“And the Puyfolais (the park’s volunteers) have become part of a larger family to put it on. In County Durham too people who may have never much talked before will hopefully become part of a community like that.
“We know it’s very ambitious but I think it’s possible, as we’ve Puy du Fou working on the script and great community involvement and engagement is now starting and moving forward quite rapidly.
“But it is up to people in Bishop Auckland and the surrounding area – which is why we’re so pleased that we’ve had this group.
“They are the ones who are really going to make it happen because they have the skills and the ability to engage with schools and young people, and older people, all of whom are needed in all sorts of roles.”
Having seen the Cinescenie for themselves, and while describing the experience as “overwhelming” and “humbling”, the comment from the group was “If they can do it, why can’t we?”
“It sets your imagination on fire with the possibilities for our own town, community and area,” said Joanne Howard, 30, the head of drama and performing arts at King James school.
“Finally people can stop saying ‘It’ll never happen here’ or ‘There’s nothing around here’ – It’s coming to them and people need to take full advantage.
“For all sorts of people, not just those like myself who are involved with the arts, it’s exciting what could come from it and I think people need to take a chance on it.”
Mum-of-two Lynn Reed, 55, a health hub manager, agreed.
“We need to build in terms of the community, to make people proud, and to get people thinking about the town for the right reasons,” she said.
“There will be doubting Thomases but we can do it. This trip has brought us closer together and we’re now feeding off each other and generating enthusiasm.
“And what has stuck with me out of everything – though the projection and the music were unbelievable – is that what makes it happen, which you could see coming through the ‘village’ backstage, is the community.
“You had babies in prams, little ones, teenagers hanging out together with their friends, then grans and aunties as ushers. And they all looked like they were having a laugh. That was lovely.
“In France they have brought people together with a common aim and we need to bring the public around in Bishop Auckland and build that great feeling and great focus.”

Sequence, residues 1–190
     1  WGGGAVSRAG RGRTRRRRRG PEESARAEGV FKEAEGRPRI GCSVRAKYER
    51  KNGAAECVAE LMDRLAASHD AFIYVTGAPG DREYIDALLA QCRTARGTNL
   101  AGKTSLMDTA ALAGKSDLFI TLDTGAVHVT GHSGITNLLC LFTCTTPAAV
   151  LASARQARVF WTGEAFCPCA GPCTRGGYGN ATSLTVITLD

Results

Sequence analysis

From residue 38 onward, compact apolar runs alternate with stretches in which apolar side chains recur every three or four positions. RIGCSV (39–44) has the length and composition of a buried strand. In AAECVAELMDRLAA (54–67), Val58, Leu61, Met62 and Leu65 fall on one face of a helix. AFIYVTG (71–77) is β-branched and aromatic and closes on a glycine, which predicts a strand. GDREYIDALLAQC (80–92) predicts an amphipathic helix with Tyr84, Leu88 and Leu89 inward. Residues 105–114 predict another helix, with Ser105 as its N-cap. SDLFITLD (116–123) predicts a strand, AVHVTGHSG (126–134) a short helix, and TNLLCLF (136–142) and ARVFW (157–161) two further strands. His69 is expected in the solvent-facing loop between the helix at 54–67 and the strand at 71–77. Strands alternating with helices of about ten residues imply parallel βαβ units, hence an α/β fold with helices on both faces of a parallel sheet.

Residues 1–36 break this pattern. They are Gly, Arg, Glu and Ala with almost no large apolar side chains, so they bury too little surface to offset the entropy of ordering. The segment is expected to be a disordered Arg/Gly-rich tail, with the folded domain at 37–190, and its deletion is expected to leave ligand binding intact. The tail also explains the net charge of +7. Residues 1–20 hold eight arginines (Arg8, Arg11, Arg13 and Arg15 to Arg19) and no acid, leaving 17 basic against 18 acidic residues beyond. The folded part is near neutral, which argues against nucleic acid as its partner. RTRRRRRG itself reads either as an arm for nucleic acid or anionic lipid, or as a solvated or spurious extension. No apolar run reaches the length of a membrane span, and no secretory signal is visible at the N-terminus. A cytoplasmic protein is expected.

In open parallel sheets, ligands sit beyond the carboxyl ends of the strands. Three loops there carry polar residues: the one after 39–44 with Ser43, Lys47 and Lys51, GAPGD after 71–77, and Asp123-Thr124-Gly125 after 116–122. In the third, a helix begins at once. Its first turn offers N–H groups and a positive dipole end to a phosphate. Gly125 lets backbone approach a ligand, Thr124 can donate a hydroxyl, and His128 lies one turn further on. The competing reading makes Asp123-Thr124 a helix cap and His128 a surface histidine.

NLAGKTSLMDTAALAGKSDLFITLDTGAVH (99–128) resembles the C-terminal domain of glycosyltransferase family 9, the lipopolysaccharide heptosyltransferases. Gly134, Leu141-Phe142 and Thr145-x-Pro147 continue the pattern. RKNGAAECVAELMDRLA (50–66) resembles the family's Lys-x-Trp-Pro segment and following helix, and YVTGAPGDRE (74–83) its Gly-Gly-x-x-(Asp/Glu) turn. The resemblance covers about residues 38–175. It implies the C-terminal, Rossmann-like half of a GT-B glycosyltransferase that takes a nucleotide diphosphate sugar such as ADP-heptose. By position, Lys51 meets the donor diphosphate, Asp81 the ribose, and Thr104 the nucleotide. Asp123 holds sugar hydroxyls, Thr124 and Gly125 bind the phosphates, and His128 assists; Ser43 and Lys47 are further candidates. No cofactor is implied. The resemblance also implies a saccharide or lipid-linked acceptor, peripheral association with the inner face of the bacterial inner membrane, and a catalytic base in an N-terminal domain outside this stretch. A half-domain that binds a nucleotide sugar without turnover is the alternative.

Former head of art at St John’s Catholic School, Mark Rossi, said he was impressed by the commitment of so many people and hoped that could be replicated in the North East.
“Puy du Fou started with a small band of founders and they have transferred their enthusiasm to a huge number of people,” he said.
“From teaching I know how difficult that is to do to just a class full of people, but they have managed it for an entire area, and that drive to develop is all for the community.
“I think people will understand that in County Durham, and repay it with enthusiasm of their own. And I would hope that people will rise to the challenge and if we can enthuse a few, then they can enthuse a few more and bit by bit it becomes a sign of hope.”
“This project will be great for Bishop Auckland, bringing people together and making the town feel special, and putting it on the world stage,” said Hannah Stirling, 35, an English teacher at Bishop Barrington school, from Coxhoe.
“As I was watching I was thinking how students could get involved and how exciting it would be for them to have that opportunity.
“In Bishop Auckland we have students who are proud of the individual areas they come from but we need to draw on that and grow it to be proud of the wider local community.”
With a tight timescale in which a show has to be written, planning permission sought, the site landscaped, seating for an audience of 6,000 installed, “Archiolais” volunteers with a range of skills found and trained up and tickets sold, there is much to do.
But Paul Flynn, 48, a director of community interest company Enter CIC, which works to give youngsters life skills through performing arts, said he was confident that not only was it possible, but that it could help restore the community spirit which has been in decline for so long.
“I think it is clear to me that as long as you have strong leadership you can really get a team of people with disparate skills to create magic,” he said. “I’m certain of that.
“You don’t have to do a lot or have special skills – all you need is enthusiasm and a will to make something amazing.
“And if Bishop Auckland can do it then anyone can do it – it’s just a case of finding that community spirit that has been lost in many areas.”